Lloyds boss awarded £8.5m pay package despite PPI profits hit


Lloyds Banking Group has revealed an £8.5 million pay package for its boss and handed out a special dividend payment to shareholders despite seeing profits fall after more mis-selling charges.

The high street lender awarded chief executive Antonio Horta-Osorio a deferred annual bonus of 723,977 shares and hiked his salary by 6% to £1.13 million.

His pay details were revealed alongside annual results showing bottom-line pre-tax profits fell 7% to £1.64 billion in 2015 from £1.76 in 2014 after taking another £2.1 billion hit for payment protection insurance (PPI) mis-selling.

Lloyds said the extra charge for PPI in the fourth quarter took its total for the scandal last year to £4 billion.

But it said stripping out PPI and other one-off costs, underlying profits rose 5% to £8.1 billion.

Shares in Lloyds surged as much as 10% after it announced a 2.25p dividend per share and a 0.5p special dividend in a total payout worth £2 billion.

It marks the latest sign of its recovery, after the group resumed shareholder dividends last year for the first time since it was rescued by the taxpayer in 2008.

Lloyds also confirmed it was sharing out a £353.7 million bonus pot among staff, working out at £4,600 per employee on average, although cash bonuses are capped at £2,000.

Mr Horta-Osorio will only receive his annual shares bonus if the Government sells off its remaining 9% stake in the bank or the shares remain above the taxpayer break-even price for 126 consecutive trading days.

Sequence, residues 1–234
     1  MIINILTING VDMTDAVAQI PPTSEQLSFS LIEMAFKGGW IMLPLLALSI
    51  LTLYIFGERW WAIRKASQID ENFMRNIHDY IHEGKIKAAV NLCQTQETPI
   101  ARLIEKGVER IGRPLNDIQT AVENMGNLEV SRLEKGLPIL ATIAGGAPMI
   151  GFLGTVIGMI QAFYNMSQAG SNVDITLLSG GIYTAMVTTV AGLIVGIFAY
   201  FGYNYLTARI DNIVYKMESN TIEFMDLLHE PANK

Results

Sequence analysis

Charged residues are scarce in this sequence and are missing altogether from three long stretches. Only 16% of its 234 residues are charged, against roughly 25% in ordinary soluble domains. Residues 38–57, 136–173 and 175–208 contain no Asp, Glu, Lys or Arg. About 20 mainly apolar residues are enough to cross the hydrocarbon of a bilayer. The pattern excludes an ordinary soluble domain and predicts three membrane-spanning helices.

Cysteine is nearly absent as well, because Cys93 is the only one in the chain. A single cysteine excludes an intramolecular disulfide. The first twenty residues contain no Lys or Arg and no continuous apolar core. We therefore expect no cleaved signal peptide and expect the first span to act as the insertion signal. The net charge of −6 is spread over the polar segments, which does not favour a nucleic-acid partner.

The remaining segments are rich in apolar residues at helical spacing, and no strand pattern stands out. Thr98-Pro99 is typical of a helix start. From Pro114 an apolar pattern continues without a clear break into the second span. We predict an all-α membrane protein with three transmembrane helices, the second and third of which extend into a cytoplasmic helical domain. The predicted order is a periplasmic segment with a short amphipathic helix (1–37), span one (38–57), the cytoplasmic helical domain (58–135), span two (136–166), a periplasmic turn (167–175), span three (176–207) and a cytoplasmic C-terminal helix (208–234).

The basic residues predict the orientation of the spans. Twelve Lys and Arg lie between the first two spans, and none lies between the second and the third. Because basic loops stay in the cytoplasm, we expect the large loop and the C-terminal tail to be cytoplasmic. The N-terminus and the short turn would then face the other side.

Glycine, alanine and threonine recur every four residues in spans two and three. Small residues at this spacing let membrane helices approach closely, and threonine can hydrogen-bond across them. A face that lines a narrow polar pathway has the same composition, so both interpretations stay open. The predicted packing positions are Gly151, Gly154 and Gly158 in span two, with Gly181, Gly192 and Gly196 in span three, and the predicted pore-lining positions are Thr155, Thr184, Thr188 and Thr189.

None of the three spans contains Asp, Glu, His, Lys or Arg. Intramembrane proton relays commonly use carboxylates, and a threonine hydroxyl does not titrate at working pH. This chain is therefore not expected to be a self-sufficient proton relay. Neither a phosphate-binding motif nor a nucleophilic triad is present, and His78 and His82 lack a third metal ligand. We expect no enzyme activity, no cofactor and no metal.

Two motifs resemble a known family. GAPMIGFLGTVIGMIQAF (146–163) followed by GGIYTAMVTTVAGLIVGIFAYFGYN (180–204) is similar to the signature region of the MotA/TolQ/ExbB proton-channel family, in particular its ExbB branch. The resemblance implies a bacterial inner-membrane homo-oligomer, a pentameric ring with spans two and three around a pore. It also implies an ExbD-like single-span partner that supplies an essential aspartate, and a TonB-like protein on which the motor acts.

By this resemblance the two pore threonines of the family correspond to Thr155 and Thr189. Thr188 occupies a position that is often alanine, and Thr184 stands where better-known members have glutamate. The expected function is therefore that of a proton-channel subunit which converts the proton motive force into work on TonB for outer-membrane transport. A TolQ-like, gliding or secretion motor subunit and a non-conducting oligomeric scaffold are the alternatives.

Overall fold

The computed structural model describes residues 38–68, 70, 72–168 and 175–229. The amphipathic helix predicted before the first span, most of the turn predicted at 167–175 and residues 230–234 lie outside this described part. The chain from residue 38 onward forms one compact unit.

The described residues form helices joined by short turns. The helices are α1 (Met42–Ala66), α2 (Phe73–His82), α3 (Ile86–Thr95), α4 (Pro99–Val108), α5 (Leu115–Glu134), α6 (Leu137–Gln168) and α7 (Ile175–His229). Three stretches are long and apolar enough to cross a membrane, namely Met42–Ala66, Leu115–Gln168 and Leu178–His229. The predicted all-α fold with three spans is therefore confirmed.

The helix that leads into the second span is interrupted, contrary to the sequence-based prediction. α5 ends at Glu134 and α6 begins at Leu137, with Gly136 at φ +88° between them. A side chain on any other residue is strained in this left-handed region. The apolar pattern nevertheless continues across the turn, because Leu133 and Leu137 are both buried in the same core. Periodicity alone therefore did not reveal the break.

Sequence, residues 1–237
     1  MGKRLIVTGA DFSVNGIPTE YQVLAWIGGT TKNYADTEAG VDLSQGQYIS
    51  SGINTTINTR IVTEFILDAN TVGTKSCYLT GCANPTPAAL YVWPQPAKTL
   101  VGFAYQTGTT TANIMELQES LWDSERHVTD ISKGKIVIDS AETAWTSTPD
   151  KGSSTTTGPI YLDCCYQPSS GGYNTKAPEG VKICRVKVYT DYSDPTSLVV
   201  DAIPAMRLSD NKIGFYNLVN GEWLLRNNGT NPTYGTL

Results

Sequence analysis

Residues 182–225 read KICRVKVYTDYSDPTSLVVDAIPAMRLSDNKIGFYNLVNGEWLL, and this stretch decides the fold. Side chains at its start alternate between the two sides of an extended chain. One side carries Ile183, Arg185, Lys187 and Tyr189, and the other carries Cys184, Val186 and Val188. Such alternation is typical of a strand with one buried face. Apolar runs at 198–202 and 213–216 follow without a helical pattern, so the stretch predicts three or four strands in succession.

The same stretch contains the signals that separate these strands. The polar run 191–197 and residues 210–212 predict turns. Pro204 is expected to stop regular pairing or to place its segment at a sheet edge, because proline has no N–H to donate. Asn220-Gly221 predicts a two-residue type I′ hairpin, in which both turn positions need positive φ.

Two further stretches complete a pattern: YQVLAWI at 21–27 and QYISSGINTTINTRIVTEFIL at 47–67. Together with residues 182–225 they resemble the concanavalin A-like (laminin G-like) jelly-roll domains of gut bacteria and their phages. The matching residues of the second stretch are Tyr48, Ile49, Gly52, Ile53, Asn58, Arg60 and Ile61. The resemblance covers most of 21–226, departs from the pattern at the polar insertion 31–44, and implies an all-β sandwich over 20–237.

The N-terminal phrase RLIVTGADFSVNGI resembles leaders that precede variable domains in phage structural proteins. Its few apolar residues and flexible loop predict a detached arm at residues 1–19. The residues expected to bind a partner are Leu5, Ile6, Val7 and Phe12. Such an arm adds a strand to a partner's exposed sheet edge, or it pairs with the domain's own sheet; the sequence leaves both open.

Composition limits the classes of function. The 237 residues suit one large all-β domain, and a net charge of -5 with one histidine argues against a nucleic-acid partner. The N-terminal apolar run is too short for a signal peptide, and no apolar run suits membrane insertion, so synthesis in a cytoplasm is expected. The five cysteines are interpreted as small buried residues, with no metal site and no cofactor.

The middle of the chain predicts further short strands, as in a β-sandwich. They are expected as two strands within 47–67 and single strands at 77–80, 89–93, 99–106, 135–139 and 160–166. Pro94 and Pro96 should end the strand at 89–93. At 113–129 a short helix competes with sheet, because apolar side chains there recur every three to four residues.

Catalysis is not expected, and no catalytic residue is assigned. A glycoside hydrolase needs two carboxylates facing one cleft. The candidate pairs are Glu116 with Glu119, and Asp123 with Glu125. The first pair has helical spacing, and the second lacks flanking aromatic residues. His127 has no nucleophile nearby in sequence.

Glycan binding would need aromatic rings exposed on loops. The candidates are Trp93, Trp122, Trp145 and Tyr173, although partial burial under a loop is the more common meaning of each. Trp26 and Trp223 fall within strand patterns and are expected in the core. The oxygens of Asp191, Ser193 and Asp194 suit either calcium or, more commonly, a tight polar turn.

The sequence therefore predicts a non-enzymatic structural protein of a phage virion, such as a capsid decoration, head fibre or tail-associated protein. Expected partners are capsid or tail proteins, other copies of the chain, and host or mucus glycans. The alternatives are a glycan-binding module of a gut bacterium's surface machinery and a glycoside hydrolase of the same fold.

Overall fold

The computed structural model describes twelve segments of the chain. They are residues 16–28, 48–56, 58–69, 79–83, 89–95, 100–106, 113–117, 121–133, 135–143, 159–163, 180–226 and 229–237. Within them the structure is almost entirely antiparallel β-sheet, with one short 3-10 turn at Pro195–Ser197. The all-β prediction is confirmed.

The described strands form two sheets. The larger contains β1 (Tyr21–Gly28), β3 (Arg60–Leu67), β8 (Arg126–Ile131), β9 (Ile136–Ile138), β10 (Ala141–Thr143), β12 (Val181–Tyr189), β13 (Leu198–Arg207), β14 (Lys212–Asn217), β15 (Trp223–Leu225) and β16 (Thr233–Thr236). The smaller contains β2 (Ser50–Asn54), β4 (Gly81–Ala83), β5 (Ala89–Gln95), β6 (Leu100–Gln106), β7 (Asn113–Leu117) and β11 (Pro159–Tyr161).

His pay rise marks his first since joining the group in January 2011.

But 4% of the salary rise will only be paid in shares, which will also only be awarded when the Government sells its stake.

Details on pay and bonuses showed Mr Horta-Osorio's overall pay package fell from £10.8 million in 2014, due in part to a £234,000 reduction in the wake of the bank's £117 million fine last year for mishandling PPI compensation claims.

A number of other senior bosses at the bank also had their bonuses cut back for 2012 and 2013, while the group said 66 staff received 1 million euro (£800,000) or more in 2015.

Lloyds added its annual staff bonus pot was down from £369.5 million in 2014.

Lord Blackwell, the group's chairman, said: "Colleagues are rewarded in a way that recognises the very highest of expectations in respect of conduct and customer treatment, and when behaviour falls below acceptable standards it is important that accountability is taken collectively as well as individually."

Mr Horta-Osorio shrugged off recent sharp falls in the group's share price amid a wider banking sell-off on global growth concerns.

He said the bank was well placed "in the face of current market uncertainty".

Lloyds shares have fallen more than a fifth over the past year and remain below the 73.6p average price paid by the Government in its £20 billion bailout.

Mr Horta-Osorio declined to comment on the bank's position on Britain's EU membership vote, saying it was a "matter for the British people".

The group will discuss the June 23 referendum at its upcoming board meeting, he said.